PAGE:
For example, when using contract inheritance, it is not specified whether first all state variables are initialized, or whether the state variables are simply initialized just before running the constructor of the contract they belong to. This is well demonstrated by this example from the Solidity docs:

// SPDX-License-Identifier: GPL-3.0
pragma solidity >=0.7.1;

contract A {
    uint x;
    constructor() {
        x = 42;
    function f() public view returns(uint256) {
        return x;
contract B is A {
    uint public y = f();

Here, y can either be 0 or 42, depending on whether y is initialized before A’s constructor is executed.

Of course, this example is quite contrived; it’s unlikely someone would actually create a contract with this structure. Additionally, as long as the compiler doesn’t change how it handles this behavior, it doesn’t actually matter if you rely on its handling of this case.
Unfortunately, depending on whether you use the default compiler settings, or the new experimental compilation which goes through the Yul intermediate representation, you can get either behavior. Given the Yul pipeline is eventually supposed to replace the current one, it is important that developers do not rely on these behaviors.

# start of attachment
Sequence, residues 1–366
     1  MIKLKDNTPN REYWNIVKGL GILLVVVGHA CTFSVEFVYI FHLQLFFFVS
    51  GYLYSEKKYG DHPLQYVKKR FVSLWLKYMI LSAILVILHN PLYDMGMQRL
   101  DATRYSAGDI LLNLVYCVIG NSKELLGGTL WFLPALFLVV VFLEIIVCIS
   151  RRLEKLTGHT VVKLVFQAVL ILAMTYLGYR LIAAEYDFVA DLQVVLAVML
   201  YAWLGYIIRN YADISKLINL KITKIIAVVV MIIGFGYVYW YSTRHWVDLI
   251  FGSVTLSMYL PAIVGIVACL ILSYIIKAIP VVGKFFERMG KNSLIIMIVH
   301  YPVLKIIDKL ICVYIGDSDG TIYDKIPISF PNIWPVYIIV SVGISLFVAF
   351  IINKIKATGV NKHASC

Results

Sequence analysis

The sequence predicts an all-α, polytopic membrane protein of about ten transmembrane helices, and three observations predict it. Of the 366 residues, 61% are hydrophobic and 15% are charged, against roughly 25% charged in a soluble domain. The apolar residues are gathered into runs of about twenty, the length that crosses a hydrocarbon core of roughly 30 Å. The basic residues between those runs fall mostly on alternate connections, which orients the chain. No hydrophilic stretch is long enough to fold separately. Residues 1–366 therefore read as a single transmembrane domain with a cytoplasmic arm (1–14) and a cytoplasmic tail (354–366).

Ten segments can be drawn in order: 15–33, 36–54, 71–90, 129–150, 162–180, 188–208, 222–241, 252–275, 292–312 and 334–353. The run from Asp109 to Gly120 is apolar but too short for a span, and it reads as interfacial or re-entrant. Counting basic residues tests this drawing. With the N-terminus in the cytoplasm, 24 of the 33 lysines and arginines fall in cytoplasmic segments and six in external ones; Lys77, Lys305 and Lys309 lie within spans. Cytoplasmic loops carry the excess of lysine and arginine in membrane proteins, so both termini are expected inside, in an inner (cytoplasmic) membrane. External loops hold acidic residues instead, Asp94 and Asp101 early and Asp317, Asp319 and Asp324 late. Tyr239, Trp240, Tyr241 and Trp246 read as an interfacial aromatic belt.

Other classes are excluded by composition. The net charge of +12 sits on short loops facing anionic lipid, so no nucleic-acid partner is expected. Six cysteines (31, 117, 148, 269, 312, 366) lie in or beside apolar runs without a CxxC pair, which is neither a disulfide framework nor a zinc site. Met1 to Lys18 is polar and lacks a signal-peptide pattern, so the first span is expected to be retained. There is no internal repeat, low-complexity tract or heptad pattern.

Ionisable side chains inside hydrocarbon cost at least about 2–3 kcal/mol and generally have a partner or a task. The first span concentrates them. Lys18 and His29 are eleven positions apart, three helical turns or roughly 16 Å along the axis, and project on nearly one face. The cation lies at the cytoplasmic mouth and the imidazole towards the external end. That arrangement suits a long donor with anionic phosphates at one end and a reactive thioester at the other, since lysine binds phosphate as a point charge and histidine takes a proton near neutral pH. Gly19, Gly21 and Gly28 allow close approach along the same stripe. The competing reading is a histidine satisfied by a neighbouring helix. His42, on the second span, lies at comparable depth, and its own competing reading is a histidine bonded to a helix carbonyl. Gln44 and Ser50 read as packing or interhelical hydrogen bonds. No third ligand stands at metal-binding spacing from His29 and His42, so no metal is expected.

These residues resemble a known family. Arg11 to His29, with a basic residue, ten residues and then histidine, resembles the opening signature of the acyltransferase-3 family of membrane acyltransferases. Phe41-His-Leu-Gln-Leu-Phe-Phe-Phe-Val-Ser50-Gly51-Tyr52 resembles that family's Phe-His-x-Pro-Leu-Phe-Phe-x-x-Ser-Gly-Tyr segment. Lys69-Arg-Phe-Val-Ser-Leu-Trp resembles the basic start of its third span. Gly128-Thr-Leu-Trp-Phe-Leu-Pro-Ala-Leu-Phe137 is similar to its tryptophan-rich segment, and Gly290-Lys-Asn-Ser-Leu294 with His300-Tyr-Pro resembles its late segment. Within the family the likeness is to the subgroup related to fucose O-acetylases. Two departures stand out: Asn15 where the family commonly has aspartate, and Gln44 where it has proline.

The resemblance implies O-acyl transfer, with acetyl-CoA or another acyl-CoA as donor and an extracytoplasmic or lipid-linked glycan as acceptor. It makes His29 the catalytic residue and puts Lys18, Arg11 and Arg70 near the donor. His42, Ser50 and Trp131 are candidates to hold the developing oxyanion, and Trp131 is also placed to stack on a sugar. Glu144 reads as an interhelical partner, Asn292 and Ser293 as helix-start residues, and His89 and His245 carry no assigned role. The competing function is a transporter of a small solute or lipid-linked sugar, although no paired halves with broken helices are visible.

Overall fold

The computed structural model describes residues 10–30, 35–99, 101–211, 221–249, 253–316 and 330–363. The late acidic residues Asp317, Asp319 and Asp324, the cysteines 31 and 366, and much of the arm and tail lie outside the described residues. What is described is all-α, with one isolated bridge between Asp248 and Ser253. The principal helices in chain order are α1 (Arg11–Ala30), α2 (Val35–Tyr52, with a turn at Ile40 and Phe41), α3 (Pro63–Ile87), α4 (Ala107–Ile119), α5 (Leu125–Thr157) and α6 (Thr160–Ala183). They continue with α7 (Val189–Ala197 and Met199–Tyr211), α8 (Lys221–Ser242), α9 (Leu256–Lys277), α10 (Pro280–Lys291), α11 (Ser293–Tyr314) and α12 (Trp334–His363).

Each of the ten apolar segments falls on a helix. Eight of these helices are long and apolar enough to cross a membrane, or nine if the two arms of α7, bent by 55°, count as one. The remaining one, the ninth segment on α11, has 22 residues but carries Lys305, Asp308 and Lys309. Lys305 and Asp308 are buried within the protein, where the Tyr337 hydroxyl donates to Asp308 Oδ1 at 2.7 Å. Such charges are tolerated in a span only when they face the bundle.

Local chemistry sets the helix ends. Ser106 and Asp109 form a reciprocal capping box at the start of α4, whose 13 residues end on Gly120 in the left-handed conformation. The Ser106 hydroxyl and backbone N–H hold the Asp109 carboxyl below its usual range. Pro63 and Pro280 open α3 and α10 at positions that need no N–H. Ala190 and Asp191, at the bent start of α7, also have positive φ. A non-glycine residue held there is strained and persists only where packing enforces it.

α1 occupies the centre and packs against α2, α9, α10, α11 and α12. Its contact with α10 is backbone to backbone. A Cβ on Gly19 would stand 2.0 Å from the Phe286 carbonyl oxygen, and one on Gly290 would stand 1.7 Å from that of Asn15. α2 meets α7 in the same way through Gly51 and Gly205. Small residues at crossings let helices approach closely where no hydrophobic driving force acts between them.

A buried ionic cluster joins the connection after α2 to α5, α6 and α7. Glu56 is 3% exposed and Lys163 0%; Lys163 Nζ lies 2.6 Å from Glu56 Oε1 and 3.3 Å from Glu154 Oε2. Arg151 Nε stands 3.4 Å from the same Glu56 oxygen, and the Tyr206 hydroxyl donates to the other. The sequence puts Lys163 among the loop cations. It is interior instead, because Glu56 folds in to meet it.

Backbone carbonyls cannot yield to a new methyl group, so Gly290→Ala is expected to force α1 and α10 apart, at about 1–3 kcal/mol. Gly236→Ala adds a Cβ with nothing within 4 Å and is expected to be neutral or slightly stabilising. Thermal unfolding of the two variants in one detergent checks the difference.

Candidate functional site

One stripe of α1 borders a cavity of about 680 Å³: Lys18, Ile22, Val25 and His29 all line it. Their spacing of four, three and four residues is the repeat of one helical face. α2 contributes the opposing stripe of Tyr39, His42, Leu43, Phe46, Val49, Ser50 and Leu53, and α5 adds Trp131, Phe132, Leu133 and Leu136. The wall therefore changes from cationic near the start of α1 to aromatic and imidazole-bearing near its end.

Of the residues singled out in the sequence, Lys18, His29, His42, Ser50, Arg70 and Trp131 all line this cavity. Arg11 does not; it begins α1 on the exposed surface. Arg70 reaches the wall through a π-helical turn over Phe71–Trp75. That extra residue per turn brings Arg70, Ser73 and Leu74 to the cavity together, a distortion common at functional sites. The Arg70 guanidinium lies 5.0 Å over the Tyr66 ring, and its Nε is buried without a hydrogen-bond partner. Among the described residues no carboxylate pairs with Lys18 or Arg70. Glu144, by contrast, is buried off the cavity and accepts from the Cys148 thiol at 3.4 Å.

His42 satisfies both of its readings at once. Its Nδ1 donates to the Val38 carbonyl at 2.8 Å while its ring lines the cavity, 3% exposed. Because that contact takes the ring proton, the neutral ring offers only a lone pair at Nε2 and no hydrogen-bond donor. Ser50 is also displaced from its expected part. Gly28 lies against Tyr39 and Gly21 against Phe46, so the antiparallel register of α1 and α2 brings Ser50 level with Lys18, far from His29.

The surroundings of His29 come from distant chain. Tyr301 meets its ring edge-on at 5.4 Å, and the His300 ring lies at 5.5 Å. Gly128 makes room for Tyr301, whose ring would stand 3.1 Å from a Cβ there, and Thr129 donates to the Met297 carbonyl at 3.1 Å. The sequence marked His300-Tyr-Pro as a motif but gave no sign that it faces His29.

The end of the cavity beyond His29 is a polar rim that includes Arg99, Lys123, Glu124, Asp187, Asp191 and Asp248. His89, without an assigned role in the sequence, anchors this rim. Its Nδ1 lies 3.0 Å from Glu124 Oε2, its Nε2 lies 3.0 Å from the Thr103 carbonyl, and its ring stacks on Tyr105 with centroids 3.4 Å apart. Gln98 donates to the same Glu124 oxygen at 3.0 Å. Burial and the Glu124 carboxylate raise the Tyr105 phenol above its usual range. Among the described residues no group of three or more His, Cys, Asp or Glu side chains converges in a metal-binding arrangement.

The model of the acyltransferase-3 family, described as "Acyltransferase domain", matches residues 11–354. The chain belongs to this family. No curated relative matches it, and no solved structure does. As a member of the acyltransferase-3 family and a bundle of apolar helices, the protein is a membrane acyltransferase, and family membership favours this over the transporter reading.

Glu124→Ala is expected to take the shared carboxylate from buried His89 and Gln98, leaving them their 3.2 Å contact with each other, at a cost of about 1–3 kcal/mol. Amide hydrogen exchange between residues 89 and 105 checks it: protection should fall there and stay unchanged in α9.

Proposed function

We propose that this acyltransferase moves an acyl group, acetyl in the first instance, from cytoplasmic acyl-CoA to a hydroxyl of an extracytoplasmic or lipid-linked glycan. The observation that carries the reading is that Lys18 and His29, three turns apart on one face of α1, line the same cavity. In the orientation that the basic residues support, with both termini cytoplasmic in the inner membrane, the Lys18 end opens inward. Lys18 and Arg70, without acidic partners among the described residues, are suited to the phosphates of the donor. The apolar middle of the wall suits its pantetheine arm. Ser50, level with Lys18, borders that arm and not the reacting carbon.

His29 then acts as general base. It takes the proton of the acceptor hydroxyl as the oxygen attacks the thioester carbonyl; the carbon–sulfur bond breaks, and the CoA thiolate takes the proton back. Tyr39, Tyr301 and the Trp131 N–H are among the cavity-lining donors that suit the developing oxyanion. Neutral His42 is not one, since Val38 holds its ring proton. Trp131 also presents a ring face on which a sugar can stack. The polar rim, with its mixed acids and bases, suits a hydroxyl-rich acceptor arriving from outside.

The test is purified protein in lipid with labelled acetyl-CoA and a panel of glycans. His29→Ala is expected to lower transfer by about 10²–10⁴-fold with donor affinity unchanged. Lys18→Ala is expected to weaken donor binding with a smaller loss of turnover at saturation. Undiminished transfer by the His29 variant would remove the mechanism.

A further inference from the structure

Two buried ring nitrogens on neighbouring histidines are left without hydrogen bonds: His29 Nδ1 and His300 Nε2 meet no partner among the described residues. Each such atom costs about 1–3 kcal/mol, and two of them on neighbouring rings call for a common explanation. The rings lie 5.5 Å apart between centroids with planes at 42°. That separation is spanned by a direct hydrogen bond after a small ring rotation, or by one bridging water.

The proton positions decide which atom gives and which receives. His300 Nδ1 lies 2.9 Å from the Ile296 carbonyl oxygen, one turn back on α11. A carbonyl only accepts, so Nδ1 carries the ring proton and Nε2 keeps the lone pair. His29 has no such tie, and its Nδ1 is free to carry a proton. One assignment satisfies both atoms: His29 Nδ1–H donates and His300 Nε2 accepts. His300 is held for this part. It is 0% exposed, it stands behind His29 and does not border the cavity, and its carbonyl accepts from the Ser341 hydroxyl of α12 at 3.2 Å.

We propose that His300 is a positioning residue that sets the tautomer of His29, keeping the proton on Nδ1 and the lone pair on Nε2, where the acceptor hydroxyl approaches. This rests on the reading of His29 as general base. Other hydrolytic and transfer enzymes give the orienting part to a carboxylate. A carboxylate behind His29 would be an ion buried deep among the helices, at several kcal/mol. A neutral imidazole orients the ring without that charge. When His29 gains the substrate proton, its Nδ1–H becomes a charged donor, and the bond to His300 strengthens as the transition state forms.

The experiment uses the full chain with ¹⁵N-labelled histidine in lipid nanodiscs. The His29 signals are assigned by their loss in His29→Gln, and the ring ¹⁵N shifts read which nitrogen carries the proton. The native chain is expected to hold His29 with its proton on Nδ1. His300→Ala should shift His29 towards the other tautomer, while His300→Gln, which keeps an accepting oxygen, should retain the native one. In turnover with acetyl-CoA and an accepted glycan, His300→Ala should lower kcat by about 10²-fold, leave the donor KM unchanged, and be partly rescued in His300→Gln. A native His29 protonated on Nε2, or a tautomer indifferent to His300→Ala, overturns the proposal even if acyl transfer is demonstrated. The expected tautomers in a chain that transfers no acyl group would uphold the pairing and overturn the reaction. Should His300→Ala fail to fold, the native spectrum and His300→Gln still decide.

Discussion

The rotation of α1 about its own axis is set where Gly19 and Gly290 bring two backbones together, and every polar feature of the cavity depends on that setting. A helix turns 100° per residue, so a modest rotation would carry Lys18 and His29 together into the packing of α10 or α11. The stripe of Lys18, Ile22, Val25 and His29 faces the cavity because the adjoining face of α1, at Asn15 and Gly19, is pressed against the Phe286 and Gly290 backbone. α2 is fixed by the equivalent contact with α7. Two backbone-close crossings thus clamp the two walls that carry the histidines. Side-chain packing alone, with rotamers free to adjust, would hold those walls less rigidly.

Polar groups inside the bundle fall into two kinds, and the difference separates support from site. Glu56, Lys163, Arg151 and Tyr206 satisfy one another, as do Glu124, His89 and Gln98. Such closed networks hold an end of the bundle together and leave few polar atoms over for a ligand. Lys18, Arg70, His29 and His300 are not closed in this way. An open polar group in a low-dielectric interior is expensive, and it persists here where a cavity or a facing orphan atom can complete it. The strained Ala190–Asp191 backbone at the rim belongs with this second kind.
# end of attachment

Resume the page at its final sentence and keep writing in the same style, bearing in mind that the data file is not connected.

Evaluation Order

Why does undefined behavior matter if we only run into it in specifically constructed examples? Alas, as we can see in the Solidity docs, the evaluation order of expressions is unspecified. What this means is that sub-expressions within another expression can be evaluated in any order. For example, let’s take a look at the expression f(g(...), h(...)). Of course, g and h need to be evaluated before f , since it depends on their outputs. However, the evaluation order could be g -> h -> f or h -> g -> f.
If g and h do not have side effects, everything is fine. If they read/write memory, storage, or make an external call, we can quickly run into issues.

uint256 i = 0;
f(i, i++);

In this example, intuitively we might expect the result to be f(0, 0). However, the compiler could also choose to evaluate i++ before i, so the result could be f(1, 0) while still be following the language specification. Naturally, this doesn’t matter too much unless the Solidity compiler actually does sometimes evaluate expressions in an unexpected order.

addmod and mulmod